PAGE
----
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About the Miracle Consortium

The Miracle Consortium (henceforth Miracle) was originally set up as part of the Particle Physics and Astronomy Research Council's (PPARC) 1998 High Performance Computing initiative and comprised of astronomers from University College London, University of Hertfordshire, Imperial College London and Queen's University Belfast.  

A brief history of the consortium is provided below, with key dates highlighted.


In 1999, Miracle entered a collaboration with Chemistry, Physics, Earth Science (all UCL) and the computer company SGI to build a local high performance computing facility in the physical sciences.  This facility was called HiPerSPACE (or High Performance Service for Physics, Astronomy, Chemistry and Earth Sciences) and consisted of two large parallel computers based on SGI's highly successful Origin 2000 machines and managed by Callum Wright (now at the University of Bristol).  Of the two machines, the Miracle astronomers had dedicated access to the one called MIRACLE (Multi-Institution Research Astrophysical Computing) which had 24 Origin 2000 processors and 6 GB of RAM; the other machine was named Bentham after the philosopher who inspired the foundation of UCL.

The HiPerSPACE facility was opened in November 1999 by the Minister of Science at the time Lord Sainsbury.  At peak performance the two machines of the HiPerSPACE facility could carry out between 45 and 50 billion individual calculations per second which meant that at the time of installation, it was the UK's most powerful computer dedicated to the physical sciences.
HiPerSPACE Origin 2000 Small

Press Release Highlights


Between 2001 and 2002, Miracle augmented its computational capability with the purchase of the Enigma and Parameter Search Engine (PSE) computers which were based on Sun Microsystem's V880 servers (based on the Ultrasparc III processor) and were managed by Callum Wright as part of the HiPerSPACE facility.

The Enigma computer was funded under the PPARC Joint Research Equipment Initiative (JREI) in early 2001.  It had 16 processors, 64GB of RAM and a fast Myrinet connection to enable complex parallel simulations to be performed.

The Parameter Search Engine was funded under a PPARC Theory Research Assessment Panel (TRAP) grant in early 2002.  It had 24 processors and 96GB of RAM and was used to perform large parameter searches and library calculations.

Below are some highlights of the work conducted on these machines.

  • The ab initio calculation of the spectra of atomic ions to very high ionisation states and energies (Reid and Bell QUB)
  • The ab initio calculation of the spectra of H2O up to very high rhovibrational energy states (Tennyson UCL).
  • The ab initio calculation of the optical properties of astrophysical dust particles and polymers such as poly-aromatic-hydrocarbons (Gledhill UH, Gray UMIST, Yates UCL).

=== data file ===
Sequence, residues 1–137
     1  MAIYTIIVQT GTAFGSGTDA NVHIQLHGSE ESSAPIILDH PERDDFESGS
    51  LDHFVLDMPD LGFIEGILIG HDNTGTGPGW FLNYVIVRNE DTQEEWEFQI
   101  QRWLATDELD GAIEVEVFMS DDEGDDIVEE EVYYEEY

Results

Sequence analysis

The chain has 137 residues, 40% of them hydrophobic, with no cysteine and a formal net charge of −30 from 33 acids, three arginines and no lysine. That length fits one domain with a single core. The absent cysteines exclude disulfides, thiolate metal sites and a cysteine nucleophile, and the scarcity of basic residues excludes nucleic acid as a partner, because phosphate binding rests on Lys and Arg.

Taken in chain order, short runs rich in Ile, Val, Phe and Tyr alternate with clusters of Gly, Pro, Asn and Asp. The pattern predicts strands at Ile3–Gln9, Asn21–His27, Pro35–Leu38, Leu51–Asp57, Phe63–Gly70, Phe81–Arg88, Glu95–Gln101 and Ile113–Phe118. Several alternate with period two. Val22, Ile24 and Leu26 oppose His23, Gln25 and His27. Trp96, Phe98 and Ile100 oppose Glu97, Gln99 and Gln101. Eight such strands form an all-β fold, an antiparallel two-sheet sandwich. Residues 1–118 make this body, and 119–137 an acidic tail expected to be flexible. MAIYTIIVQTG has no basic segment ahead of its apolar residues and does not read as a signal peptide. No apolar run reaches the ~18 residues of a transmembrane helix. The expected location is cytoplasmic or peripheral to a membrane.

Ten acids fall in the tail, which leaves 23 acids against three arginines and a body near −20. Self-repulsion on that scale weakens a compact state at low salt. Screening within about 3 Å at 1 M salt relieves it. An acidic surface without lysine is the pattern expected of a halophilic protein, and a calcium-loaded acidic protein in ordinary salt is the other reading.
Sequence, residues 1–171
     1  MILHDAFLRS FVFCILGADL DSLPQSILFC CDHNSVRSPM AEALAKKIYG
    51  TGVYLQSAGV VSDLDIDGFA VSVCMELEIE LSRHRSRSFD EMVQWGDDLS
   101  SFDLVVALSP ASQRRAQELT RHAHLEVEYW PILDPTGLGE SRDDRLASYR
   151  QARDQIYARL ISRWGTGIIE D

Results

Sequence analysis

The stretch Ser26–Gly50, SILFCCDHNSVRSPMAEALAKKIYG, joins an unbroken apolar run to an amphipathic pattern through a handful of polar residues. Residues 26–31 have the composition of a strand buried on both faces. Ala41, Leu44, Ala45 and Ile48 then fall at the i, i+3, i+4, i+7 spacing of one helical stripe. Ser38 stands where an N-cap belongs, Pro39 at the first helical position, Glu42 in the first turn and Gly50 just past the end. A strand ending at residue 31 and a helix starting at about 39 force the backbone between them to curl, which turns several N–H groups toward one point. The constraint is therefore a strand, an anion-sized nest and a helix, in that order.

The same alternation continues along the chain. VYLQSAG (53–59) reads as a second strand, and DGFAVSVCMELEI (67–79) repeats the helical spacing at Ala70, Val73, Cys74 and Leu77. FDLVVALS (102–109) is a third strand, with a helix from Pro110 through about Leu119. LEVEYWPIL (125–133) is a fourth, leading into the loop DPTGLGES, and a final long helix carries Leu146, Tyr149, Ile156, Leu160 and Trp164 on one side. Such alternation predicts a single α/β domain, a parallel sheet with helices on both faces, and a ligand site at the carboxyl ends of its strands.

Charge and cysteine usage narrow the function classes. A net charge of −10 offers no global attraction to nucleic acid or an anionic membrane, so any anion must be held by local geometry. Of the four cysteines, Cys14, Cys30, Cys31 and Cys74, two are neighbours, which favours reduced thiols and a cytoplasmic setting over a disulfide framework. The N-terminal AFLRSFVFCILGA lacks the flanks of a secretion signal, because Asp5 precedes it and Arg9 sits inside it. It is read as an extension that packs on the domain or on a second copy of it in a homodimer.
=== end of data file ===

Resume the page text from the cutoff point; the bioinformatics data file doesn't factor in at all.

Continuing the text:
• The numerical simulation of the dynamics and chemistry of planetary atmospheres (Aylward and Miller UCL, Muller IC).
  • The numerical simulation of the physical conditions in ionised regions in the Local Universe (Barlow, Storey and Ercolano UCL).
  • The numerical simulation of the chemical environments in star formation regions including low mass protostars and high mass hot cores (Viti and Rawlings UCL, Gray and Millar UMIST).
  • The calculation of detailed radiative transfer in dusty and molecular environments such as star formation regions, evolved stars, starburst regions and active galactic nucleii (Yates, Bowey and Ercolano UCL, Gledhill and Lucas UH, Gray UMIST).
  • The calculation of stellar structure and emission properties of massive stars,including the effects of rotation and metallicity (Howarth, Smith, Prinja, Townsend and Burnley UCL).
  • The calculation of key cosmological parameters (Lahav and Bridle UCL).


The increasing complexity and resolution of observational data was requiring theorists to explorer greater volumes of parameter space at finer resolutions to make observable predictions and to calculate the underlying physics, chemistry and physical conditions that created the phenomena being observed.  To cope with this increasing demand for computational power the Miracle Consortium, which now included astronomers from the University of Strathclyde and the University of Manchester, received a grant from PPARC to upgrade computational ability. 

The consortium engaged in a joint venture with UCL Research Computing to upgrade the existing HiPerSPACE service resulting in the development of the 224 processor Keter cluster.  Keter was based on a mixture of Sun V880 (each containing 8 UltraSparc III processors and between 16 and 32GB of RAM) and Sun V890 servers (each containing 8 Ultrasparc IV processors and 64GB RAM) connected over a high performance 5Gbps Myrinet network.  The Miracle Consortium was provided with guaranteed primary access to 50% of Keter enabling the astronomers to, for example, create the largest ever water line list and discover an unexpected cooling effect in Saturn's atmosphere.


In 2010, the Miracle Consortium was awarded funding to purchase CPU time from UCL Research Computing's Legion High Performance Computing Cluster; Legion is a distributed memory computing cluster with 2560 cores, 4GB RAM per core and Infinipath chip-to-chip connectivity.

Page last modified on 11 feb 11 14:31 by Dugan K Witherick